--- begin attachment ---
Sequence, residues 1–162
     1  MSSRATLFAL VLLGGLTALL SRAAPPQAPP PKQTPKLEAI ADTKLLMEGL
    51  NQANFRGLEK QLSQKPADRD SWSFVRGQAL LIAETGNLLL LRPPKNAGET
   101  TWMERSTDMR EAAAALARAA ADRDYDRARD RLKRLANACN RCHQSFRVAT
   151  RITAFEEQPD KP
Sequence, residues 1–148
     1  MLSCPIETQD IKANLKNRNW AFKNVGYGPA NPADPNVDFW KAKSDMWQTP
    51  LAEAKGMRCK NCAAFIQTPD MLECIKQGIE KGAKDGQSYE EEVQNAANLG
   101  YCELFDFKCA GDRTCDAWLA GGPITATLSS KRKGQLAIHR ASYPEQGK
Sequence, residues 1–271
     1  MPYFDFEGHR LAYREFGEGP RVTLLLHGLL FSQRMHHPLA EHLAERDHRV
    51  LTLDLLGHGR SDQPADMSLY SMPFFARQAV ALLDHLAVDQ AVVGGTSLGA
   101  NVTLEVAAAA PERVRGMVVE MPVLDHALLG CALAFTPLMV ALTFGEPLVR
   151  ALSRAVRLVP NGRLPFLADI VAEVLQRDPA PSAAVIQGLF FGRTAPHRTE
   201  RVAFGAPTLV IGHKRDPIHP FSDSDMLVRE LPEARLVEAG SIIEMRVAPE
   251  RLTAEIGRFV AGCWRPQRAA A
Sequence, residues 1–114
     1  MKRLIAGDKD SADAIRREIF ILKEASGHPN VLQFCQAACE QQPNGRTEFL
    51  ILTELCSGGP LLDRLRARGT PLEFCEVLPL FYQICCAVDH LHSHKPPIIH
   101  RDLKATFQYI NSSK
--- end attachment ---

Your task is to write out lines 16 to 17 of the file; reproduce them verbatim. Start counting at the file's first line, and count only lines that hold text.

   251  RLTAEIGRFV AGCWRPQRAA A
Sequence, residues 1–114